./filebeat -e -c filebeat.yml

In this command:

  • The -e flag sends output to the standard error instead of the configured log output.
  • The -c flag specifies the path to the Filebeat config file.

Just in case the command doesn’t work as expected, check the Filebeat quick start for the detailed command syntax for your operating system. You can also try running the command as root: sudo ./filebeat -e -c filebeat.yml.

Filebeat should now be running and monitoring the contents of log.json, which actually doesn’t exist yet. So, let’s create it. Open a new terminal instance and run the webserver.js Node.js script:

node webserver.js

Next, run the Node.js webrequests.js script to send random requests to the Node.js web server.

node webrequests.js

Let the script run for a few minutes and maybe brew up a quick coffee or tea ☕ . After that, make sure that the log.json file is generated as expected and is populated with several log entries.

Verify the log entries in Elasticsearch Service

The next step is to confirm that the log data has successfully found it’s way into Elasticsearch Service.

  1. Login to Kibana.
  2. Open the Kibana main menu and click Stack Management and then Index Patterns.
  3. In the search bar, search for filebeat. You should see filebeat-* in the search results.
  4. click filebeat-*.

The filebeat index pattern shows a list of fields and their details:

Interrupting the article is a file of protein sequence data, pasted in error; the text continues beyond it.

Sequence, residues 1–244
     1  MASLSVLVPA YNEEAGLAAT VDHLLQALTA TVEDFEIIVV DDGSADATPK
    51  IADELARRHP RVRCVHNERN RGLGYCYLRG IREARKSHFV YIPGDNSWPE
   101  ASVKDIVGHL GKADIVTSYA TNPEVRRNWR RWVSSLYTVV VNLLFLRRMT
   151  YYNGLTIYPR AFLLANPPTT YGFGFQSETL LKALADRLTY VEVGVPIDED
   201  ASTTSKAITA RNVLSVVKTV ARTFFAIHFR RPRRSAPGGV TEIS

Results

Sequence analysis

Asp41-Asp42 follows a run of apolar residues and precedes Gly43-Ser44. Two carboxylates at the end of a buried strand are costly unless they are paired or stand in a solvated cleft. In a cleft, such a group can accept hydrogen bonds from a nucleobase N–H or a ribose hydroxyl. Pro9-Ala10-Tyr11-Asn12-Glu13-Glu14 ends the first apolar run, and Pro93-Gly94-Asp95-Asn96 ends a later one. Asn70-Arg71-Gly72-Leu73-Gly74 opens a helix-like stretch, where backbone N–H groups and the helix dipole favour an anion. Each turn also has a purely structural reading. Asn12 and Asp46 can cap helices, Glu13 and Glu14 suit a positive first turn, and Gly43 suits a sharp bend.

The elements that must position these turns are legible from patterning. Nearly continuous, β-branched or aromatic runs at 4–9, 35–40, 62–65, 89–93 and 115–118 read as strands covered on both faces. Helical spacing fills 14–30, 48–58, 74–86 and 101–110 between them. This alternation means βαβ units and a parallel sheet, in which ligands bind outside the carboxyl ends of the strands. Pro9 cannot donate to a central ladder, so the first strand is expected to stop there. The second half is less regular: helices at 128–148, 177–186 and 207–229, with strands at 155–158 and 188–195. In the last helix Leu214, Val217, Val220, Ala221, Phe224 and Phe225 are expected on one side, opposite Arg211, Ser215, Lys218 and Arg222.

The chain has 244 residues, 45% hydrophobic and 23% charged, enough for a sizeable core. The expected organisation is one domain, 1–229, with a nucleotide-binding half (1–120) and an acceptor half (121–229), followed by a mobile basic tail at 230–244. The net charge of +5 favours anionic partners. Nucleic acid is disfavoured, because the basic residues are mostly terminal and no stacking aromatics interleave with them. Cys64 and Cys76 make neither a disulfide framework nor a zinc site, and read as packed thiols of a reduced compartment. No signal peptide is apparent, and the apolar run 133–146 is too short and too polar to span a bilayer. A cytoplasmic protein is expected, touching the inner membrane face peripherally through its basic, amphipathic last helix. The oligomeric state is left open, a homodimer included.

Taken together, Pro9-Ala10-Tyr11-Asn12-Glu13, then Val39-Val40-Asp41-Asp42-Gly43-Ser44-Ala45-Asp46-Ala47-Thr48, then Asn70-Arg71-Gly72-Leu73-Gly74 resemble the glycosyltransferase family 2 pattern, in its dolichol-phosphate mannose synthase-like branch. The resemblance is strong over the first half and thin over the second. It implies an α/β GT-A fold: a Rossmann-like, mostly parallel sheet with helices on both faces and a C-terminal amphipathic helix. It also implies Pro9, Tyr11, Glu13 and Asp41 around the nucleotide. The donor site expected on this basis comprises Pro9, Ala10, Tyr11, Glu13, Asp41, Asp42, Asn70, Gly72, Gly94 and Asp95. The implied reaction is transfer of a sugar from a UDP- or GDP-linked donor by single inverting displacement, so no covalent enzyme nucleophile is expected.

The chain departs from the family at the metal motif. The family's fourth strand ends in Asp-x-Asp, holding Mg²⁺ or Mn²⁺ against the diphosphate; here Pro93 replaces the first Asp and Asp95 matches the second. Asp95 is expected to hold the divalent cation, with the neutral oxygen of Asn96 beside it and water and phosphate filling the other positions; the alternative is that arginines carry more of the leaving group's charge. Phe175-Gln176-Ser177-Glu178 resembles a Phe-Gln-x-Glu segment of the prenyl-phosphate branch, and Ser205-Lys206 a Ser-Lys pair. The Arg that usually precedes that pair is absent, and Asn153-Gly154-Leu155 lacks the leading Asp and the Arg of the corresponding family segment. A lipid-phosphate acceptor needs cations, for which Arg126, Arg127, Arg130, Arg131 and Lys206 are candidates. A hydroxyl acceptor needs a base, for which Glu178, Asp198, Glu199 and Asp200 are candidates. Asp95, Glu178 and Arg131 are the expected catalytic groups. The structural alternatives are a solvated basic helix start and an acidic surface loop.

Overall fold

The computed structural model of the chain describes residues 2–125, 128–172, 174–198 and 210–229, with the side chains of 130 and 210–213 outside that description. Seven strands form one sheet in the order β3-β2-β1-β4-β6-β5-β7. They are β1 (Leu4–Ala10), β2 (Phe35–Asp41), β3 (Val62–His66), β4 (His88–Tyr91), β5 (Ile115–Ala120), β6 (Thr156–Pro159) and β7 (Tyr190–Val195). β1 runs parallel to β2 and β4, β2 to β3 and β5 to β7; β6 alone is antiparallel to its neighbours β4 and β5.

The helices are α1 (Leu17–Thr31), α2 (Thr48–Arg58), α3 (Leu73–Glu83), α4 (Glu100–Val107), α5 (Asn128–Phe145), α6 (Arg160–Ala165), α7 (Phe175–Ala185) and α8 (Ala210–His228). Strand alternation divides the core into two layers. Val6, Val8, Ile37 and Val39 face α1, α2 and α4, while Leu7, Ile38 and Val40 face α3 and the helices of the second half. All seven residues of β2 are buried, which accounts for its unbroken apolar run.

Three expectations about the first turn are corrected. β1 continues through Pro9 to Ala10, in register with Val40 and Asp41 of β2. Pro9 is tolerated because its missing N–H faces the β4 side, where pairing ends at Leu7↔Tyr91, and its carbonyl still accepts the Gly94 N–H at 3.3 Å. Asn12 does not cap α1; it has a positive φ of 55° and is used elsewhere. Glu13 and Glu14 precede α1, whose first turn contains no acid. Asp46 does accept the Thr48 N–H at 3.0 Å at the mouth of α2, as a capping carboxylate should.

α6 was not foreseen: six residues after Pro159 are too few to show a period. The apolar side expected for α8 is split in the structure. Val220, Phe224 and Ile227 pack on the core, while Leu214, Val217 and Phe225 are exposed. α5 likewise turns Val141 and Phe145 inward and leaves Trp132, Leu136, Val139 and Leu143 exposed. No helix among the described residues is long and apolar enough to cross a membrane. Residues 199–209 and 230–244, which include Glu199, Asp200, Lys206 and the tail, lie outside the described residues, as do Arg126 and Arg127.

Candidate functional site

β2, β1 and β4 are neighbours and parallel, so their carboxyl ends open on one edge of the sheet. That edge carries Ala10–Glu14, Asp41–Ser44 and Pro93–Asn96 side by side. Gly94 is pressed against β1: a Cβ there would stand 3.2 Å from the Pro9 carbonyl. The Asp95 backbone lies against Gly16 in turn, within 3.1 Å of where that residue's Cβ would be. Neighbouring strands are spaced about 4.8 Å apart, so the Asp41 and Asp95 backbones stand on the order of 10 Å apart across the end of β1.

A screen capture of the Kibana "filebeat-*" index pattern page with various fields listed

Create log visualizations in Kibanaedit

Now it’s time to create visualizations based off of the application log data.

  1. Open the Kibana main menu and click Dashboard and then Create dashboard.
  2. Click Create visualization. The Lens visualization editor opens.
  3. In the index pattern dropdown box, select filebeat-*, if it isn’t already selected.
  4. In the CHART TYPE dropdown box, select Bar vertical stacked, if it isn’t already selected.
  5. Check that the time filter is set to Last 15 minutes.
  6. From the Available fields list, drag and drop the @timestamp field onto the visualization builder.
  7. Drag and drop the http.request.method field onto the visualization builder.
  8. A stacked bar chart now shows the relative frequency of each of the three request methods used in our example, measured over time.

    A screen capture of the Kibana "Bar vertical stacked" visualization with several bars. The X axis shows "Count of records" and the Y axis shows "@timestamp per 30 seconds". Each bar is divided into three HTTP request methods: GET

  9. Click Save and return to add this visualization to your dashboard.